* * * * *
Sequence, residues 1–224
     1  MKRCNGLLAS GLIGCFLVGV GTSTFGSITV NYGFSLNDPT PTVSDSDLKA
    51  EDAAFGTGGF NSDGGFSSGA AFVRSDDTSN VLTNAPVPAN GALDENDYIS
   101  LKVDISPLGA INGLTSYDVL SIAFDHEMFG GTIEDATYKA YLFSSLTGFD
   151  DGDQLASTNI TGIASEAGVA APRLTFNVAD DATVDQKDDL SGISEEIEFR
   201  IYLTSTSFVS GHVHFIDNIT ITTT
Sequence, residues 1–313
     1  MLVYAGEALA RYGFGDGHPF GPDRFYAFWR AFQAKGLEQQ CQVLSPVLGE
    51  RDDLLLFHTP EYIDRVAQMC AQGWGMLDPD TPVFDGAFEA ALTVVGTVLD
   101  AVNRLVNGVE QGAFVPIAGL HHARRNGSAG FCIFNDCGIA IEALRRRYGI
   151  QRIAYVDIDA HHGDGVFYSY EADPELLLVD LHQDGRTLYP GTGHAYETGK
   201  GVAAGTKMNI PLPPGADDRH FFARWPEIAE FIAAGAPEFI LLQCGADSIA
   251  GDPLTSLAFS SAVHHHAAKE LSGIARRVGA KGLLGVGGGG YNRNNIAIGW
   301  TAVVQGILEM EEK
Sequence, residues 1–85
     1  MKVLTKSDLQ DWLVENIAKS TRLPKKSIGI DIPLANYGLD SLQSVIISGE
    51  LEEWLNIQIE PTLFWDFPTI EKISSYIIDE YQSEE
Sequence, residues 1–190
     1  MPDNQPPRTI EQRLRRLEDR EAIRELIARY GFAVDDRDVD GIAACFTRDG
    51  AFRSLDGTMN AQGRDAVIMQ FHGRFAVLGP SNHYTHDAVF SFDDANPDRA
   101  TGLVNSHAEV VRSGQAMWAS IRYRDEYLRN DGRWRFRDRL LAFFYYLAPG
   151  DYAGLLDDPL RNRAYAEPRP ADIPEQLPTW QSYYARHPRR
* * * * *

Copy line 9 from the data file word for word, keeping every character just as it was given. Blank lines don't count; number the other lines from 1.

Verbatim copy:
    51  RDDLLLFHTP EYIDRVAQMC AQGWGMLDPD TPVFDGAFEA ALTVVGTVLD